This paper responds to the call often voiced in today's knowledge society for popularization of specialized knowledge within a field relevant to us all, viz. medicine. Specifically, the aim of the paper is to explore the popularization potential of specialized terminology within this field. Whereas many previous studies of popularization within different LSP fields have been preoccupied with the actual linguistic strategies employed in the mediation of specialized knowledge to non-expert audiences, the present study explores whether subcategories of terms associated with medicinal products exhibit different degrees of popularization potential, i.e. whether there are differences in the degree to which terminological subcategories in this field lend themselves to popularization.
Empirically, the investigation is based on a corpus of two derivationally related text types: The specialized pharmaceutical genre named Summary of Product Characteristics (SmPC) and the patient-oriented counterpart, the so-called Patient Information Leaflet (PIL), which contains user-relevant information, recontextualized from the SmPC, about the medicinal product in question. The PILs are legally required to be written in a lay-friendly register.
We identified four categories of specialized terms from the SmPCs that are recontextualized in the PILs: a) terms for medical disorders, b) biochemical and microbiological terms, c) terms for medicinal products or the active substances of these, and d) terms for so-called excipients (carrier substances in the drug).
Using the so-called ‘coupled-pairs’ methodology known from Translation Studies, whereby lexical items with a medico-pharmaceutical content in the PILs were traced back to their origin in a specialized SmPC term, we identified patterns of popularization strategies that differed markedly between the four categories of terms: Terms for medical disorders are either replaced with established core-vocabulary equivalents, or their constituent Greek/Latin morphemes or words are translated more or less directly into English. Biochemical/microbiological terms and terms for medicinal products/active substances, on the other hand, are not actually replaced by such reformulations, but are in virtually all cases retained in the PILs and accompanied by a definition. Excipients, it turned out, are in effect not popularized at all, but transferred directly from the SmPC without any kind of reformulation or explanation.
We argue that these different types of strategy, i.e. a) replacement by a core-vocabulary equivalent or translation, b) definition and c) direct transfer, represent a scale of popularization, with replacement strategies representing the top degree and direct transfer the lowest degree. Since the findings show a very clear correspondence between the different types/degrees of popularization and the terminological subcategories, we conclude that this overlap indicates clear differences in popularization potential: When a given category of terms is consistently popularized by means of one type of strategy rather than others, this must be taken as indicative of what the category in question allows.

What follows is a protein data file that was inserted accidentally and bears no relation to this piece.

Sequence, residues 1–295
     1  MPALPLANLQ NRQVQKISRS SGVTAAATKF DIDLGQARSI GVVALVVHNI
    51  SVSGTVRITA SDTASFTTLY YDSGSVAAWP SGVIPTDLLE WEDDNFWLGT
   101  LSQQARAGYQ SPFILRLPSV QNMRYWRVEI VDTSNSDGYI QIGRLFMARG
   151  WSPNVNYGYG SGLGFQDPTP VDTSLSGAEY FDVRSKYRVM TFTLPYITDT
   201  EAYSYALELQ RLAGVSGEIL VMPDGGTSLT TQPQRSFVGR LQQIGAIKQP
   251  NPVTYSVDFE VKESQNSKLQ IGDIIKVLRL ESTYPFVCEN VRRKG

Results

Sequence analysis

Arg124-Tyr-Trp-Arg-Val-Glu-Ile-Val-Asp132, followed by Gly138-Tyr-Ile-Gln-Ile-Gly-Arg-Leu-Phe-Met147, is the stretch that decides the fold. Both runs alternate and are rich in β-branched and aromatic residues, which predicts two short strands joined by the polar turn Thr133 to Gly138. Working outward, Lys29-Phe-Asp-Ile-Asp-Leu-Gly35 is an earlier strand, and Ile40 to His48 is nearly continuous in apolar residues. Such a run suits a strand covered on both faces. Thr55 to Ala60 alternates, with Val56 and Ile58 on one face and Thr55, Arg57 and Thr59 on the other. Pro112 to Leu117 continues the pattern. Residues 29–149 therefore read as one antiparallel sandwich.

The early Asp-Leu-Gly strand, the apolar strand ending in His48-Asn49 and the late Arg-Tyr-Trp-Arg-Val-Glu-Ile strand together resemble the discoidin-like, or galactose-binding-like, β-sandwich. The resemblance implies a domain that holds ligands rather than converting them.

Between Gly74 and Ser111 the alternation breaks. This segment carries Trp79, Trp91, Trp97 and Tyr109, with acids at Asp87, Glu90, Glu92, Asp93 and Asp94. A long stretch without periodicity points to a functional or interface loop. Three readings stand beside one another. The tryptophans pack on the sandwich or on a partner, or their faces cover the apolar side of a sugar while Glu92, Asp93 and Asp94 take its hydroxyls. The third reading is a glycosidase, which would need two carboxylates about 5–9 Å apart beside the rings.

We also venture explanations for the observed divergences in popularization potential. Thus, in the medical-disorder category of terms, etymology turned out to a key factor, since the Greek/Latin origin of most of these terms makes for easy translatability (in the ordinary, i.e. interlingual, sense of the word). This is because the original Greek/Latin constituent morphemes/words of these terms represent a wholly non-specialized vocabulary that is easily translated into core English lexis. In the biochemical/microbiological category and the medicinal-products/active-substances category, this etymologically based translatability is absent, and so the only other popularization strategy available appears to be definition. Definitions using terms understandable to the lay reader are, however, possible in these two categories, since the salient parts of the definitions turned out to consist in references to bodily functions or diseases for which lay terms exist, or for which the medical term is typically known to the average lay reader. The absence of explanatory definitions in the excipients category, on the other hand, is in all likelihood due, not to the impossibility of defining such terms (since any specialized term is definable), but to the impossibility of providing definitions based on concepts known to the lay reader. Excipient terms denote substances that are only definable by reference to their chemical composition and to their location within a specialized taxonomy of chemical substances and compounds – a taxonomy, in other words, which is bound to be beyond the chemical knowledge of most lay readers.
With medico-pharmaceutical terminology as a case in point, the implications of the paper’s findings are that popularization is not equally possible across terminological categories. Hence popularization may at best be able to only partially bridge the knowledge divide, or asymmetry, between experts and non-experts.
The investigation is here limited to a particular field of LSP terminology, i.e. medicine, and a particular language, i.e. English. Even so, theoretically, the paper may be seen as representing a first step towards creating a taxonomy of popularization strategies that may be further explored and refined in future studies encompassing other specialized domains and other languages than English.